NMFS had originally proposed to list 66 reef-building species as threatened and endangered in December, 2012. However, based upon substantial scientific information submitted by the Pet Industry Joint Advisory Council (PIJAC) and other parties, NMFS determined only 20 of these species warranted listing as threatened species. Such scientific information included the submission of a scientific report developed by Dr. Charlie Veron, a world-renowned coral expert. PIJAC participated in the development of Dr. Veron’s work, and provided financial support enabling completion of this work.

    In its final listing determination, NMFS elected not to apply the general ESA Section 9 “take” prohibitions to the newly-listed species. The term “take” is broadly defined to include a range of actions, including harassing, harming, injuring or killing a listed species. Instead, NMFS solicited comments regarding the appropriate scope of ESA Section 9 regulations, and indicated that it will consult with federal agencies and other partners to develop appropriate recovery strategies for the species.

    PIJAC believes it likely that NMFS will apply the ESA Section 9 “take” prohibitions to the newly-listed coral species in the near future, consistent with prior agency actions. Application of these take prohibitions by NMFS could severely restrict or eliminate trade in these species. Such prohibitions may apply to both corals in the wild, as well as farm-raised corals. Such actions would be devastating to the marine aquarium hobby. Aquarium conferences, retail stores, wholesale suppliers, and coral farms would see an immediate direct impact, while manufacturers, dry goods suppliers, and mail order pet suppliers would experience the resulting loss of business too.

    While we await further regulatory actions, anti-aquarium organizations will surely strive to create a social stigma for the aquarium industry by claiming, for example, that we are “trafficking in threatened and endangered species.” The emotion surrounding the subject will likely inflame public opinion and could motivate NMFS and the U.S. Fish and Wildlife Service to enact stricter importation rules on all corals.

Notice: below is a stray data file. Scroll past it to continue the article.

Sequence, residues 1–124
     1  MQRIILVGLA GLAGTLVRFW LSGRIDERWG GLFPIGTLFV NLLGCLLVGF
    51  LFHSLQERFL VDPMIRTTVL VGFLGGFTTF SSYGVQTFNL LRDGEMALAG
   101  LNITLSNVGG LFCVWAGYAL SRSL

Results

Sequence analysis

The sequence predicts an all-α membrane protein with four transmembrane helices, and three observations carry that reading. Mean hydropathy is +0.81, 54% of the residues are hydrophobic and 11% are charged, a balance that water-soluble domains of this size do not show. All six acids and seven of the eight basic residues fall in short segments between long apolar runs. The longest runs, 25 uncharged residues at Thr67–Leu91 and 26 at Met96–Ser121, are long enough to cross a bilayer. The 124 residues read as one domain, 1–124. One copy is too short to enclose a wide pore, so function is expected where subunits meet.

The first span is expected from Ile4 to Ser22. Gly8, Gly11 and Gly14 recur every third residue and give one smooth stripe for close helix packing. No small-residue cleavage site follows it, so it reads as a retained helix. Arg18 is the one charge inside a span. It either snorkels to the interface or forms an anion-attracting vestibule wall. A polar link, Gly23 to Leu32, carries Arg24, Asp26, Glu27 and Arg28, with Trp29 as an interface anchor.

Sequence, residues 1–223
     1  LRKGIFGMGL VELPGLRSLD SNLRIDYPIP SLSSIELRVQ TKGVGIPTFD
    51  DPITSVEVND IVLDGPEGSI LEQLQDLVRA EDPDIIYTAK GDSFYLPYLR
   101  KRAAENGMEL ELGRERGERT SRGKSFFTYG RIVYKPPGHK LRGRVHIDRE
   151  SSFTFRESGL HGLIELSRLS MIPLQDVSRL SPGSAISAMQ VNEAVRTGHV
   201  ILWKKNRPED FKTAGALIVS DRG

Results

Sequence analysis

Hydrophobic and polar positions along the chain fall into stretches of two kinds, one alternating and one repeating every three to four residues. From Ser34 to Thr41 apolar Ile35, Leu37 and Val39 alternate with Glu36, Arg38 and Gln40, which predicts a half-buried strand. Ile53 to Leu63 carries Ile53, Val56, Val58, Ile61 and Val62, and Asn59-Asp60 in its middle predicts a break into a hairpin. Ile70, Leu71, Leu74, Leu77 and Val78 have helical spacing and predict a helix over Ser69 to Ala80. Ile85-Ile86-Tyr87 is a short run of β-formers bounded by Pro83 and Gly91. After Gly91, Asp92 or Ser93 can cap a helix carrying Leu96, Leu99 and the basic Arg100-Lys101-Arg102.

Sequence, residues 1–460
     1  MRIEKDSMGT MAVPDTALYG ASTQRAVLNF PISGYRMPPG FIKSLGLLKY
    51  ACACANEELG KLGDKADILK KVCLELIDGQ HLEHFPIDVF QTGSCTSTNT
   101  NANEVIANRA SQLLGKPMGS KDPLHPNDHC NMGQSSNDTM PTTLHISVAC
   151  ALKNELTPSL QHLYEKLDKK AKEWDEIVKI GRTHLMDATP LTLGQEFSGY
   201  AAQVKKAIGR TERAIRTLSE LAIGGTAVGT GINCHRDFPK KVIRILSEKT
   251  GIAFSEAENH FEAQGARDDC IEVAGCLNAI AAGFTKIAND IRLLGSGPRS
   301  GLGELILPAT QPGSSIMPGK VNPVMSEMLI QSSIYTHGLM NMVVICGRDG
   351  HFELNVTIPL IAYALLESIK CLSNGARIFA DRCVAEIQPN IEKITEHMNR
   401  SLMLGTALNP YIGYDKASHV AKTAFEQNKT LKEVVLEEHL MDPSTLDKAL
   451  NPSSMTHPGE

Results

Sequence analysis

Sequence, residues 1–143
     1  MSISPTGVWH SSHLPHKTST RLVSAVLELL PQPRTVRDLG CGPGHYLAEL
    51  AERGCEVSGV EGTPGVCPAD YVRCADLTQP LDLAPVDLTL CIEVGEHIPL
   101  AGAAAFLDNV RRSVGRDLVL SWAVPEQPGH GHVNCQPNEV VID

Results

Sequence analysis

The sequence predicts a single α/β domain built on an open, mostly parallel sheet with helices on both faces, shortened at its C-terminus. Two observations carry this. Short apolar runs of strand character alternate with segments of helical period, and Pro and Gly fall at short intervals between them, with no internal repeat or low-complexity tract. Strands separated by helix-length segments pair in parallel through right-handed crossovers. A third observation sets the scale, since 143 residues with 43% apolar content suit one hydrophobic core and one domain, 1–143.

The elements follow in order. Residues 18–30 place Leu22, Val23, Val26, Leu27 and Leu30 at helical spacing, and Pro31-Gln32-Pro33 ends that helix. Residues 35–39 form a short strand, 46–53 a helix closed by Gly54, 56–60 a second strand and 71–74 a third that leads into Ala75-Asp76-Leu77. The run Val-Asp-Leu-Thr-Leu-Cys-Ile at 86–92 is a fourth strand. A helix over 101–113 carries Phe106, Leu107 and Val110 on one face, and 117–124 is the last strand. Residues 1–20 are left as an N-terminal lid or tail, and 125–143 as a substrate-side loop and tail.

NMFS’ action to list these species was driven by a petition filed by CBD. CBD indicated in its petition that climate change presents a significant risk for these species, requiring listing of these species under the ESA. CBD, effectively, is attempting to use the ESA as a tool to regulate greenhouse gas emissions. NMFS, likewise, relied on the effects of climate change to justify listing these 20 species. However, scientific information developed by world-renowned scientists indicate that none of the 20 listed coral species warrant listing under the ESA. These experts have stated in recent comments that NMFS’ final rule is not supported by the best available scientific information.

    The Solution

    PIJAC acted quickly to provide the best available scientific information to NMFS in response to CBD’s petition to list corals. PIJAC’s efforts are largely responsible for the dramatic reduction in the number of species listed, and the fact that none of these species were listed as endangered. But that is not enough. PIJAC must continue to work with the scientific community to develop and submit scientific information regarding marine species. PIJAC must also remain engaged in the legal and policy issues arising now that these 20 coral species have been listed by NMFS under the ESA.

    This is a time consuming and expensive process, and it requires your support. All funds donated to PIJAC’s Aquatic Defense Fund will be directed toward either this specific process, or other existing antiaquarium campaigns.

    Many eminent coral reef scientists are dismayed by the listing. ESA take prohibitions may be at odds with the best plan for the recovery of any coral species that might ever need a recovery plan– coral farming and restoration. ESA prohibitions may dramatically limit or eliminate conservation and education programs.